MUDRA – Micro Units Development and Refinance Agency
The Inside ‘n Out – Episode Six
The Prime Minister Narendra Modi launched the Micro Units Development and Refinance Agency Ltd (MUDRA) Bank on 8 April, 2015 with a corpus of Rs 20,000 crore and a credit guarantee corpus of Rs 3,000 crore. The announcement was earlier made by the Finance Minister Arun Jaitley in his FY 15-16 Budget speech.
We have so many Banks in India. Why we need MUDRA?
In India, there are so many companies, start ups, small organizations, and many entrepreneurs. These are collectively known as Micro Units. The major problem was these Micro Units lack Financial Support. In order to overcome this problem, GOI set up MUDRA Bank. The ultimate aim of MUDRA is Fulfilling all the Funding needs of Non Corporate Small Businesses.
As per NSSO Survey of 2013, there are close to 5.77 crore small-scale business units, mostly sole proprietorships, which undertake trading, manufacturing, retail and other small-scale activities. Compare this with the organised sector and larger companies that employ 1.25 crore individuals.
The bank will initially function as anon-banking financial company and a subsidiary of the Small Industries Development Bank of India (SIDBI). Later, it will be made into a separate company. It will also serve as a regulator for other micro-finance institutions (MFIs) and provide them refinancing services. It will provide guidelines for MFIs and give them ratings.
Objectives of MUDRA Bank
Regulate the lender and the borrower of microfinance and bring stability to the microfinance system through regulation and inclusive participation.
Extend finance and credit support to Microfinance Institutions (MFI) and agencies that lend money to small businesses, retailers, self-help groups and individuals.
Register all MFIs and introduce a system of performance rating and accreditation for the first time. This will help last-mile borrowers of finance to evaluate and approach the MFI that meets their requirement best and whose past record is most satisfactory. This will also introduce an element of competitiveness among the MFIs. The ultimate beneficiary will be the borrower.
Provide structured guidelines for the borrowers to follow to avoid failure of business or take corrective steps in time. MUDRA will help in laying down guidelines or acceptable procedures to be followed by the lenders to recover money in cases of default.
Develop the standardised covenants that will form the backbone of the last-mile business in future.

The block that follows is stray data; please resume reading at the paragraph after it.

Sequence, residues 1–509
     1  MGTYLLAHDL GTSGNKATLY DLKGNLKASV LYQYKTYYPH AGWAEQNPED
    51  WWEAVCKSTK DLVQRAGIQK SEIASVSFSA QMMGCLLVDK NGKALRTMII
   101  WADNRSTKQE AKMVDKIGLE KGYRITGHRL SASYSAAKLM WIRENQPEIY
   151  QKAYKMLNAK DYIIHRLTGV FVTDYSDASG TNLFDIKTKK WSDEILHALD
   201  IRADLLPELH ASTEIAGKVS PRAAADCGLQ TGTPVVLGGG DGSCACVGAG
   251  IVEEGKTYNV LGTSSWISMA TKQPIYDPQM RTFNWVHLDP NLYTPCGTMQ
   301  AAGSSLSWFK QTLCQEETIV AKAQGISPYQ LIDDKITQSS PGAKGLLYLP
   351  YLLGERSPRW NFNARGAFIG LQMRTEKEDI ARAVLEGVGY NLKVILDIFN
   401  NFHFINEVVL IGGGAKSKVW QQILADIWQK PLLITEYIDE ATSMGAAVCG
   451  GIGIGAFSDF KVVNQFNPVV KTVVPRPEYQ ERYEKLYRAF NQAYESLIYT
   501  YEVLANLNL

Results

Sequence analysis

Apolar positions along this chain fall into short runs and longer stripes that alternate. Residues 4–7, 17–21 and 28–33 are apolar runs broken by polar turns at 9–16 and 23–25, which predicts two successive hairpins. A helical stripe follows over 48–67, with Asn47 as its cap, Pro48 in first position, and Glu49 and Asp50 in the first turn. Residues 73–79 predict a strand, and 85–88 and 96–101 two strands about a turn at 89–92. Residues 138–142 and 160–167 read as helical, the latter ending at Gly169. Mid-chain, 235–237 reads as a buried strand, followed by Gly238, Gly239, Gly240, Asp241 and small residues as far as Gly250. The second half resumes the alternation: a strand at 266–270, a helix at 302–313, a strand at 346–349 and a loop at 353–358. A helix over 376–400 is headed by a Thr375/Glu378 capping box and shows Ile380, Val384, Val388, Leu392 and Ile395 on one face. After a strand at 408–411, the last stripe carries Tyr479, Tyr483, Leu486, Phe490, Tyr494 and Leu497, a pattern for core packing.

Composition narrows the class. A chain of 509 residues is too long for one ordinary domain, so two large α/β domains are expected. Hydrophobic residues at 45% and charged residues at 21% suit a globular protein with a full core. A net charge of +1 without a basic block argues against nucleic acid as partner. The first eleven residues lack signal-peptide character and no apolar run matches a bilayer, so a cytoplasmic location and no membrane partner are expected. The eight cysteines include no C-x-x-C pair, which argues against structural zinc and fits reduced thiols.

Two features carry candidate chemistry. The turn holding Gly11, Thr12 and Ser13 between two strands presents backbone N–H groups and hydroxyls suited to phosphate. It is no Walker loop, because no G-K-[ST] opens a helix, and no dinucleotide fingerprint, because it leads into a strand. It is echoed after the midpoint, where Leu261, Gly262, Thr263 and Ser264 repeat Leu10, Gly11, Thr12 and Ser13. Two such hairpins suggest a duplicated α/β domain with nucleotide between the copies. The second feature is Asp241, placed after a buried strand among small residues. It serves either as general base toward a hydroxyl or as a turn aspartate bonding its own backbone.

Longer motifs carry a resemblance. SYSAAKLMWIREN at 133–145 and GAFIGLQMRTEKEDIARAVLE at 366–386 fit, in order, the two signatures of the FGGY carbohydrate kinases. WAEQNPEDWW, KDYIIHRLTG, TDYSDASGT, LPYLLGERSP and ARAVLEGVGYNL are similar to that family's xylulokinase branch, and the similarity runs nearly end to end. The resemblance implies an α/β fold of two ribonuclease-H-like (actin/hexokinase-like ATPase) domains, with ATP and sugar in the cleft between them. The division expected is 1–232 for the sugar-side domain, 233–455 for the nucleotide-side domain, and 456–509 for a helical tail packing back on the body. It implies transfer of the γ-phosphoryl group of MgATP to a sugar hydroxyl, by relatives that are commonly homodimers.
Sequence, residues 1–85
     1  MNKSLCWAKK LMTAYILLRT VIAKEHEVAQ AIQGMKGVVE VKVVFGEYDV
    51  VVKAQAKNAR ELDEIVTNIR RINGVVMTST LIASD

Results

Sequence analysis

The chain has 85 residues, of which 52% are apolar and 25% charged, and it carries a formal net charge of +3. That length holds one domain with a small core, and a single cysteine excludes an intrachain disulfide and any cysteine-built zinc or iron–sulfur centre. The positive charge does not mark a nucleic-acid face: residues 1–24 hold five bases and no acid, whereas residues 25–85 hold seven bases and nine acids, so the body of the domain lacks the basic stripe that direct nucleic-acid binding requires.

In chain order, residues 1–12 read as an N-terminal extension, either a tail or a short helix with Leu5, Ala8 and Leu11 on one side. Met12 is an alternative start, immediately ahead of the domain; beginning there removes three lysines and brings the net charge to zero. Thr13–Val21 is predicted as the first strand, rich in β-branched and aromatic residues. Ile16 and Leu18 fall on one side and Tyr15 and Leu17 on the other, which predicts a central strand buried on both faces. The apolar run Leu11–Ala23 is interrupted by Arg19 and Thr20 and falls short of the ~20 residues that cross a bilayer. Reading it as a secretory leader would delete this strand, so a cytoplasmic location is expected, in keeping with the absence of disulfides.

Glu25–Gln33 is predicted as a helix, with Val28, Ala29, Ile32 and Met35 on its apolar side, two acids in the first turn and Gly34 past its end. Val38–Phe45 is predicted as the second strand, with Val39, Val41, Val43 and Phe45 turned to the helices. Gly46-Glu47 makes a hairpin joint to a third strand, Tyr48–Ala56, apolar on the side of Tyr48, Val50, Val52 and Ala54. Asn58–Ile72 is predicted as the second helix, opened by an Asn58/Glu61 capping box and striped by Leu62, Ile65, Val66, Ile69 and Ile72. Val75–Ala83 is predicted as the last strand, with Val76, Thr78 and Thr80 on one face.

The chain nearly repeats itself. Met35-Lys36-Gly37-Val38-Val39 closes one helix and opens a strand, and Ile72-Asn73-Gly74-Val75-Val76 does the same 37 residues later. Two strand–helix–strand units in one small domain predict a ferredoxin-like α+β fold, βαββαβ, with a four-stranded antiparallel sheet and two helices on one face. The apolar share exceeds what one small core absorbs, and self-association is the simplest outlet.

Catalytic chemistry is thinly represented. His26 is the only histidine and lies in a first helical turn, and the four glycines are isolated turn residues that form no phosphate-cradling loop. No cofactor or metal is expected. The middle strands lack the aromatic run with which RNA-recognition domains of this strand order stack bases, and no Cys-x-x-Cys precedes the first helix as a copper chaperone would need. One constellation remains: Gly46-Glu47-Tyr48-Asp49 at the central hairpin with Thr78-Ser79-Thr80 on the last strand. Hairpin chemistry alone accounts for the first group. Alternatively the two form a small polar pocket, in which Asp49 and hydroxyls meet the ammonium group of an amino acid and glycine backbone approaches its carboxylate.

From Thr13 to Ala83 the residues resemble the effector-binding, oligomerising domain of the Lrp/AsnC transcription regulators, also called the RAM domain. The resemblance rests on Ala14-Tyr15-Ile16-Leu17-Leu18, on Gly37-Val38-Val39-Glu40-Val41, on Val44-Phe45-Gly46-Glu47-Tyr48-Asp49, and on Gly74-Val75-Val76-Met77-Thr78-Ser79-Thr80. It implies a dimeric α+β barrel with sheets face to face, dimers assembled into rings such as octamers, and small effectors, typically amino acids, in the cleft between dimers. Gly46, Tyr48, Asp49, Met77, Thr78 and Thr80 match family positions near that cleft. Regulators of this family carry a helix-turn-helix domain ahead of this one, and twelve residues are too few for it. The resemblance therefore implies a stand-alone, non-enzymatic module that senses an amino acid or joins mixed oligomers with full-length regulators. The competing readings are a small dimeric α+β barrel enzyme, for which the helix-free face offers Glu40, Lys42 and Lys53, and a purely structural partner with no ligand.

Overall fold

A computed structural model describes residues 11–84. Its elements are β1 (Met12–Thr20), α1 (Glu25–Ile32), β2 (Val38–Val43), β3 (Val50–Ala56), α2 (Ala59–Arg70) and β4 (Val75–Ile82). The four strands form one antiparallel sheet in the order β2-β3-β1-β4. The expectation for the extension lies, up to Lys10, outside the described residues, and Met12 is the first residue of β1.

Offer a Credit Guarantee scheme for providing guarantees to loans being offered to micro businesses.
Introduce appropriate technologies to assist in the process of efficient lending, borrowing and monitoring of distributed capital.
Build a suitable framework under the Pradhan Mantri MUDRA Yojana for developing an efficient last-mile credit delivery system to small and micro businesses.
This is for entrepreneurs who are either in their primitive stage or require lesser funds in order to get their businesses started.
This section of entrepreneurs would belong to either those who have already started their business and want additional funds to mobile the business.
This would be the highest level of amount that an entrepreneur could apply for a start up loan.
Any Indian Citizen who are in income generating activity such as manufacturing, processing, trading or service sector and whose credit need is less than 10 lakh can approach either a Banks, MFIs, Financial Institutions or NBFC for availing of MUDRA loans under Pradhan Mantri Mudra Yojana (PMMY). MUDRA Bank is not refinancing agriculture sector under PMMY but traders of vegetables & fruits covers under MUDRA Bank Schemes.
Who can borrow from MUDRA bank?
Small manufacturing unit
Fruits / Vegetable vendors
Mudra Loan Mela
The government is organising MUDRA loan melas in different parts of the country. These melas are organised for few days where loans for small business funding could be applied. In the melas, loans are granted ranging from Rs. 50,000 to Rs. 10 lakh.
MUDRA is a noble initiative by our Prime Minister Narendra Modi. Any scheme of government initiative is not good or bad until it is executed and the results of which are thorough analyzed. It would be great if the scheme actually benefit the target population. If MUDRA can continue to retain focus on the underprivileged and extend its reach to the interiors, it can well emerge as a bigger success story than what Grameen Bank of Bangladesh ever was or will be.